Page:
books

Leah R. Cutter

Books

Paper Mage (2003)

Anthologies: Fiction River: Hex in the City (2013)

 

 

Paper Mage (2003)

Xiao Yen, hero of Paper Mage is a dutiful daughter, dutiful niece, and practicing paper mage. The book is set in the Tang Dynasty of the Middle Kingdom (China about the time of the European Middle Ages), and the magic is quite unlike any I have previously read. Parts of the book remind me of the Chinese folktales I have read, especially when the book refers to the Gods and Goddesses, as well as relations between men and women, but the magic is something I’d never come across in either a fantasy book or folktales.

Xiao Yen's power as a mage comes from her ability to create paper creatures using a form of origami, and then bring those creatures to life. The story is written with two timelines. Xiao Yen as she begins her first job as a paper mage, parallel to her life as she learns to become a mage. In this we have the story of how she manages in her first assignment, while we also learn her past as she develops into a mage. Throughout both timelines we see her struggle with her place in society as well as in her family.

There were, however, two things about the book that bothered me.

First was the fact this is a "woman's place in society" type book, which isn't a bad thing per se, but is not one of my favorite themes, as much as I love books with female leads. There is also a rape and revenge theme, which would make this book inappropriate for younger readers.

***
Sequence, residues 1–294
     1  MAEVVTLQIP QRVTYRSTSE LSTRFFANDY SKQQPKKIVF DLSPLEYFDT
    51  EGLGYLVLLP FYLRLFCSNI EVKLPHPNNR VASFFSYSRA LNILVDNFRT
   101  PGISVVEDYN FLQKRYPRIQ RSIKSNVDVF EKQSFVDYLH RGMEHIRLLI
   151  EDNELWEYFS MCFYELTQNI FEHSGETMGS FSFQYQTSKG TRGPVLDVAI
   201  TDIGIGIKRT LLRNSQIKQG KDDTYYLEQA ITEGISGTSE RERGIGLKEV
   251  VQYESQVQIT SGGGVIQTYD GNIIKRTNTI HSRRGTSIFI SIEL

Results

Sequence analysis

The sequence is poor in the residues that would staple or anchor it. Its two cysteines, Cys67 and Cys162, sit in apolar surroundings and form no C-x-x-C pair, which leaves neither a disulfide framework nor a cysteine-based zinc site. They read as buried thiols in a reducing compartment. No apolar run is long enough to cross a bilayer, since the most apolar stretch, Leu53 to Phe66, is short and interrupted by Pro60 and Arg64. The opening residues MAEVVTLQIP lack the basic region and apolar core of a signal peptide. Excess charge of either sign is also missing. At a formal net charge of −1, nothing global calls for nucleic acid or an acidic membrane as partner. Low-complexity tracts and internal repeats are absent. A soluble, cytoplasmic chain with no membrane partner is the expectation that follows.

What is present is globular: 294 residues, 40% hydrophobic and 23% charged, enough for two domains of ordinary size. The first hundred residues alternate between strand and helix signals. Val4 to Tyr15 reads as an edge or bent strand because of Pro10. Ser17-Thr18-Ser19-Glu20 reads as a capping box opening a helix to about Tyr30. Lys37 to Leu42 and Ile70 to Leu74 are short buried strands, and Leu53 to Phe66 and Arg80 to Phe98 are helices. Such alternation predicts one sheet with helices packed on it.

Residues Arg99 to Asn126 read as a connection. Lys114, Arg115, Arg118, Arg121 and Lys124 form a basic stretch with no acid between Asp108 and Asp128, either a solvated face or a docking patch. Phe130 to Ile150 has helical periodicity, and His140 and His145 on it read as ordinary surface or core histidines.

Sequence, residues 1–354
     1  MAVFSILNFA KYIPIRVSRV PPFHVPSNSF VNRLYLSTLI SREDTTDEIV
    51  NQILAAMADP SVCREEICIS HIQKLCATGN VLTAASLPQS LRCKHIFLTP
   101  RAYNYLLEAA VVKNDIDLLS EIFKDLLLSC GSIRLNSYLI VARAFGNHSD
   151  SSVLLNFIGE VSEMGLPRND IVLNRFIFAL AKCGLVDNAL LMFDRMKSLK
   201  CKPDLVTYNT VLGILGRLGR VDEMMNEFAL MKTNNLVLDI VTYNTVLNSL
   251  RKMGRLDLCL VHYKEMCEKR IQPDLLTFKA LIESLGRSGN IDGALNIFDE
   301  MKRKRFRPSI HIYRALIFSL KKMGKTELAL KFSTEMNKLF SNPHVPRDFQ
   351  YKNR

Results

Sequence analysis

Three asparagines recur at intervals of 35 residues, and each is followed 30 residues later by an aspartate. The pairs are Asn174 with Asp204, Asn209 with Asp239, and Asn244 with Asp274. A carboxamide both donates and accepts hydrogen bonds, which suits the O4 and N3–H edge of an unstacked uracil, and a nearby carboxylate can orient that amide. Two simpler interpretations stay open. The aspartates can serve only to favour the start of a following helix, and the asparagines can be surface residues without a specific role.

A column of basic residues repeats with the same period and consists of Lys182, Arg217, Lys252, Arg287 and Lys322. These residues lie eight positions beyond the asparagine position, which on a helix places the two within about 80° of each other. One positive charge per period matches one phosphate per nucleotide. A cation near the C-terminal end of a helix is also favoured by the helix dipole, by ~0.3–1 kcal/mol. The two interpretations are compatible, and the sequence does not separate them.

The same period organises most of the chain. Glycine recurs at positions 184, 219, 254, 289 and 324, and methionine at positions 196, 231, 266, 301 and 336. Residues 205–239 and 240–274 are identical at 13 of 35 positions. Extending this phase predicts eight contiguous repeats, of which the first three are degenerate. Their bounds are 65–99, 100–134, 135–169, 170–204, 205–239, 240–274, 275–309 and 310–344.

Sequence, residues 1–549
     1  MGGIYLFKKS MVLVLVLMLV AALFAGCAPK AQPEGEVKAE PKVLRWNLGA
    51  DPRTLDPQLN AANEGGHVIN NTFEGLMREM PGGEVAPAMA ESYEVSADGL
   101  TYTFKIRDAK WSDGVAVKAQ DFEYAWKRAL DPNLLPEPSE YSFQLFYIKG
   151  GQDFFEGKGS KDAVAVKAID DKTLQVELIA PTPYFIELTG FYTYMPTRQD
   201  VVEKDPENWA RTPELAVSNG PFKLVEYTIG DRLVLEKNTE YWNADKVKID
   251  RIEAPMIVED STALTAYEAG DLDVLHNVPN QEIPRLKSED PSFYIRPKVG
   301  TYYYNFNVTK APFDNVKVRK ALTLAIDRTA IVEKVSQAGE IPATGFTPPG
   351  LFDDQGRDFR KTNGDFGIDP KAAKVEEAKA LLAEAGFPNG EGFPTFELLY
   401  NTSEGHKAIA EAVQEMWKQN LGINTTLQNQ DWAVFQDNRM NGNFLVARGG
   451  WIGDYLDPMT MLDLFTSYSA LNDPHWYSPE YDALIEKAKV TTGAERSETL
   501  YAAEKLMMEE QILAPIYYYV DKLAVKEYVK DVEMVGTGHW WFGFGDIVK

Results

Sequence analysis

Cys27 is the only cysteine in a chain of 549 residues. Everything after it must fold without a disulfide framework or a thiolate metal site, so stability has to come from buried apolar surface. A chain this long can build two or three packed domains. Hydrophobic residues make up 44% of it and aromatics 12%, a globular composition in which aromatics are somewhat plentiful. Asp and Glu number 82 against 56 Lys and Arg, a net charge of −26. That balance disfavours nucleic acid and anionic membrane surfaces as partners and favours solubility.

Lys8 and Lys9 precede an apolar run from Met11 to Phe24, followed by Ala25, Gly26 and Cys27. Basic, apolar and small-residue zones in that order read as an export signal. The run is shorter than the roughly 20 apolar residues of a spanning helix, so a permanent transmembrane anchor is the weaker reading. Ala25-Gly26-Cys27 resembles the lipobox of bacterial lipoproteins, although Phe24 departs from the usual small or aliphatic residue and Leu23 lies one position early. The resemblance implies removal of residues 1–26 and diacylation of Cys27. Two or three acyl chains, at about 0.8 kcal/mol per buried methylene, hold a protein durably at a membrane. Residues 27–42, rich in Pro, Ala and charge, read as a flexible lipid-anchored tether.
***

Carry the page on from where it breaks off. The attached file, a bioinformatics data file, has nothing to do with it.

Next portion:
Second thing was that the relationship between the characters was very confusing, and the list of characters in the beginning was not necessarily a help. Mei-Mei and Wang Tie-Tie are the same person, and the relationship between Wang Tie-Tie and Xiao Yen is, I think that Wang Tie-Tie is Xiao Yen's aunt on her father's side, but an aunt who married into the family, she is, I think, Xiao Yen's father's brother's wife, who became head of the household after all the men were killed in an accident. This is both confusing to a Western frame of mind, and also fascinating. There is no blood relationship between the two characters, yet there is still a sense of family responsibility.

Despite those two minor issues, this is still an excellent book, and one I highly recommend reading. I'm quite curious as to whether this book is anything like what might be be found in China, or whether this is a concept that was developed from scratch so to speak.
Rating: 8/10

 

Anthologies

 

Fiction River: Hex in the City (2013) edited by Kerrie L. Hughes

Hex-in-the-City“King of the Kingless” by Jay Lake
“Speechless in Seattle” by Lisa Sliverthorne
“Thy Neighbor” by Nancy Holder
“Somebody Else’s Problem” by Annie Bellet
“A Thing Immortal as Itself” by Lee Allred
“Geriatric Magic” by Stephanie Writt
“Red as Snow” by Seanan McGuire
“Music’s Price” by Anthea Sharp
“The Sound of My Own Voice” by Dayle A. Dermatis
“The 13th Floor Problem” by Dean Wesley Smith
“Dead Men Walking” by Annie Reed
“One Good Deed” by Jeanne C. Stein
“Fox and Hound” by Leah Cutter
“The Scottish Play” by Kristine Kathryn Rusch

This is another anthology I realized I wasn’t ever going to read all the stories in, so here is a review of the stories I did read.

...

“Fox and Hound” by Leah Cutter

Ages and ages ago I read Leah Cutter’s book Paper Mage and loved it. Then, for some reason, never ended up buying anything else by her (probably because it wasn’t anything I could find locally).

Now that I’ve read this, I really don’t know why I haven’t sought out more books by her.

Gou is a rickshaw driver in Hong Kong, and when he picks up a very unusual customer, he doesn’t accept things as they are.
Rating: 9/10 (based only upon the two stories I read)

Published by WMG Publishing, Inc.

 

Leah R. Cutter's website